The difference between the Imperial and the US ton is that the British based their hundredweight on "stone weight" where a stone was 14 pounds and 8 stones was their hundredweight at 112 pounds verses the US based theirs hundredweight on having 100 pounds. The hundredweight was the sack weight a man could carry. I guess the Brits were stronger.

kgg

Edited by kgg

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9 minutes ago, kgg said:

I think you probably mistyped as 1000 kg is equal to 2204.62  pounds. There are three measurements for tonnage, sometimes noted as the French term -- tonnes:

That should be 2204.62 pounds.  The SI Standard and user guide used in Canada uses the term tonne for 1000 kg.

 

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On 5/19/2024 at 9:12 PM, fredk said:

Although we adopted the metric system we still buy fresh food by the pound & ounces. Pre-packaged foods are in kilograms and grams. Fuel and most other liquids are in litres, but down in pub you buy a pint. We're bi-lingual

Last week I asked my butcher for about 1/2 a kilogram of mince beef. He gave me a blank stare. I said - about 500 grams. Blank stare. Give me a pound of mince. Instant action 

 

A good few years ago i remember market traders who were still displaying and selling their product in pounds and ounces were threatened with heavy fines if they did not change to Kilos. I remember saying to my better half how can they do that when we buy petrol by the litre and yet all the road signs are in miles, i said if it was me that my argument would be until you change all the road signs to kilometres, costing millions i have no doubt, don't thing it would cut any ice with them though. Another case of double standards in my opinion. Although i can work in imperial and metric.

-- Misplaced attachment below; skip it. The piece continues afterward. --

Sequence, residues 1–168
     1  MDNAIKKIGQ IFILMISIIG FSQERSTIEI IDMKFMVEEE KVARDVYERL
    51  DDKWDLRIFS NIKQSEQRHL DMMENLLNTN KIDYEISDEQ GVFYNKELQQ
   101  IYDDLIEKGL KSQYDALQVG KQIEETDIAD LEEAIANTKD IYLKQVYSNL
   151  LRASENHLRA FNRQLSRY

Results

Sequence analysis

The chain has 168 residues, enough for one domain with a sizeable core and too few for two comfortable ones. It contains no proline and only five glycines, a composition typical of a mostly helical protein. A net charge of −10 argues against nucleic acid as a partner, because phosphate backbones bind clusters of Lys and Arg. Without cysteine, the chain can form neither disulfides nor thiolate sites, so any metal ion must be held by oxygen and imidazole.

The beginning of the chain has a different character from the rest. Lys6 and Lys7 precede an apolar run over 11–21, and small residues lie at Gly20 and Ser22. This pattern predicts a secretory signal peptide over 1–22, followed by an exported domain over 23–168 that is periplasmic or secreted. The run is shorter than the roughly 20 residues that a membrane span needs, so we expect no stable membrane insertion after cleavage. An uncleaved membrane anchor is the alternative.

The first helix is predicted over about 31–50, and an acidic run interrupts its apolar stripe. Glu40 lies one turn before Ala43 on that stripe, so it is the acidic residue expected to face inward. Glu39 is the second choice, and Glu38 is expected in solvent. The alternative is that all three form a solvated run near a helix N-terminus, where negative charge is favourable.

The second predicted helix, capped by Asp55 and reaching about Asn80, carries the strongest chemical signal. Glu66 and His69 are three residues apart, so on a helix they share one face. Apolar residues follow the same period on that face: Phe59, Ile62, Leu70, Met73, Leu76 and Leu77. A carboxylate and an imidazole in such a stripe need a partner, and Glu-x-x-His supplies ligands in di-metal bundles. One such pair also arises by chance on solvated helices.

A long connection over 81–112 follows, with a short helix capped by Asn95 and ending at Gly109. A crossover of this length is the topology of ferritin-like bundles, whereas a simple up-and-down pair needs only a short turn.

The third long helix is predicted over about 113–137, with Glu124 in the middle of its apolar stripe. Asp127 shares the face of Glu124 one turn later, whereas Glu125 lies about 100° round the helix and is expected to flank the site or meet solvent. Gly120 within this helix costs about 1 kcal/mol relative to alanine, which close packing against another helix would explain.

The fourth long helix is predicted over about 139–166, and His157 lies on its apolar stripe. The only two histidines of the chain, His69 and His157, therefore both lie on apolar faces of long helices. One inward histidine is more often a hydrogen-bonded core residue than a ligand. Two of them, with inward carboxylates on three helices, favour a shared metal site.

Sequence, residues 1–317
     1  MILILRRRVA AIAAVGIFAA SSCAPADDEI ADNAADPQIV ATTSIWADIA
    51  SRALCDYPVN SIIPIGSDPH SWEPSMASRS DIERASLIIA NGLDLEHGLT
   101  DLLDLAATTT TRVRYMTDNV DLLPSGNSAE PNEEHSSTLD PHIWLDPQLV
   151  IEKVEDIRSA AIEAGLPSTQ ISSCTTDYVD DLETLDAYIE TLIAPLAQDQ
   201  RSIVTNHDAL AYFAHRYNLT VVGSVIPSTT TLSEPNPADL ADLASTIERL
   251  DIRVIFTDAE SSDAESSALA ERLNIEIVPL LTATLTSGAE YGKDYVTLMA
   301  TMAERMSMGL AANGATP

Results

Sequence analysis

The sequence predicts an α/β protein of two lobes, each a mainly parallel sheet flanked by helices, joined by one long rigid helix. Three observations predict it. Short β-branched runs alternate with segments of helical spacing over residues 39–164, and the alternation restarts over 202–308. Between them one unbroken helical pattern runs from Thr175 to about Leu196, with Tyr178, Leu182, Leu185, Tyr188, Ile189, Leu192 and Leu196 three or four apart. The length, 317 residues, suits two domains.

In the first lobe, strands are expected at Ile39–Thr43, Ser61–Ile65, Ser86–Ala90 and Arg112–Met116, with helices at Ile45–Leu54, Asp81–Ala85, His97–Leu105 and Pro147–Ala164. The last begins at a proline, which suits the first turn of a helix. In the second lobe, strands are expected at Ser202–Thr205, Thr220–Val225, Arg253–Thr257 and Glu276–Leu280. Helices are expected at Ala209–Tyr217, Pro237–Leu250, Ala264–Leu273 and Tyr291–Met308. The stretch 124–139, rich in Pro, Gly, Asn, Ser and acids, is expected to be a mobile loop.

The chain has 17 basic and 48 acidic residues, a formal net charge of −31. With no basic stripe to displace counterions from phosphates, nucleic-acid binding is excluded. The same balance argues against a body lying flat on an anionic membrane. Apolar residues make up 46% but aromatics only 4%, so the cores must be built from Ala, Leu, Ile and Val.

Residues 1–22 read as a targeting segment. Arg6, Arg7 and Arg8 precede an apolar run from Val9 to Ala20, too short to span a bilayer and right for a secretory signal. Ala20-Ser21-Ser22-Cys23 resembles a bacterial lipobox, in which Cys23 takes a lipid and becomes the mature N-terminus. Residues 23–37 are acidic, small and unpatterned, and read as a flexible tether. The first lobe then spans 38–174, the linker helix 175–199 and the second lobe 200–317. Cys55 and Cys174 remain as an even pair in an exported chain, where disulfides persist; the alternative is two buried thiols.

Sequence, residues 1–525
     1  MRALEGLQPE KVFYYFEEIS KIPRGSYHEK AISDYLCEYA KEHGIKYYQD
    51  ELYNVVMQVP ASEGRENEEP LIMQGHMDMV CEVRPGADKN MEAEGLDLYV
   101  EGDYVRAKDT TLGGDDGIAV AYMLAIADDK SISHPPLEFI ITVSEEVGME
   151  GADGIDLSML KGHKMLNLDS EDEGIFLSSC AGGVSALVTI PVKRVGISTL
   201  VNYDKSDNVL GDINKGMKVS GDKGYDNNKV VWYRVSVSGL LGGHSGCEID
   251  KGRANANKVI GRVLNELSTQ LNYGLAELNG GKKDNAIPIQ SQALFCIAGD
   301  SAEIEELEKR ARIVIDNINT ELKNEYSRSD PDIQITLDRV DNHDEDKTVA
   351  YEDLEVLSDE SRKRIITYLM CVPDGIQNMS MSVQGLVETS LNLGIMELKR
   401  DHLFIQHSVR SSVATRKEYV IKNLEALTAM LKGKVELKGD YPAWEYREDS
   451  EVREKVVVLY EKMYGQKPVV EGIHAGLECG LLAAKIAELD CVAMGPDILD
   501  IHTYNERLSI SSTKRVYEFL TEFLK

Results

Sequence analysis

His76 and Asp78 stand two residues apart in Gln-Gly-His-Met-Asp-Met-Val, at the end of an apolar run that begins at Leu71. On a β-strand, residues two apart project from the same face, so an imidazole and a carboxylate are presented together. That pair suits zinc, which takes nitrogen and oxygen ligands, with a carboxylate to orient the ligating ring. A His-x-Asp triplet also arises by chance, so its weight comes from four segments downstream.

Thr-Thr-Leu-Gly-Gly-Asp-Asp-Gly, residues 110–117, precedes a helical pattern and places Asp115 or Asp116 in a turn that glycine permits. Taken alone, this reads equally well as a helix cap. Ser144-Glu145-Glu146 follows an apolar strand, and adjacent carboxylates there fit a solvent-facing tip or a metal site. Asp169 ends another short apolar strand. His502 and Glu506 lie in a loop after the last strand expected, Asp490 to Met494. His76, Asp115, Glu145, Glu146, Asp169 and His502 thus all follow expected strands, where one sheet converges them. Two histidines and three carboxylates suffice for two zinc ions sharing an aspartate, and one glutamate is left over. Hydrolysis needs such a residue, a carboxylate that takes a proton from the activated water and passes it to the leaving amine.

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1 hour ago, kgg said:

. . . the British based their hundredweight on "stone weight" where a stone was 14 pounds and 8 stones was their hundredweight at 112 pounds . . . 

From mid-medieval period the weights and measures were set down by Edward 1st and Edward III

The British Ton is based on the wine barrel the Tun. The odd weight is 2000lb plus 240lb for the barrel weight. And this carries on down; the hundred-weight is 100lb plus 12 lb for the barrel =112lb

Ships were measured as to how many Tuns of wine barrels they could fit in their cargo hold thus a 150 Ton/Tun ship actually does does not weigh that

Edited by fredk

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1 hour ago, jcuk said:

A good few years ago i remember market traders who were still displaying and selling their product in pounds and ounces were threatened with heavy fines if they did not change to Kilos. . . . 

That was true but it was cleared up many years ago with law. Fresh foods may be sold either in Imperial or metric measures. Its up to the vendor to choose. Most price their foods for both

Edited by fredk

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So, instead of using 6-7 oz leather we’re really using 0.17 - 0.198 kilogram leather? :wacko:

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:blink:  :lol: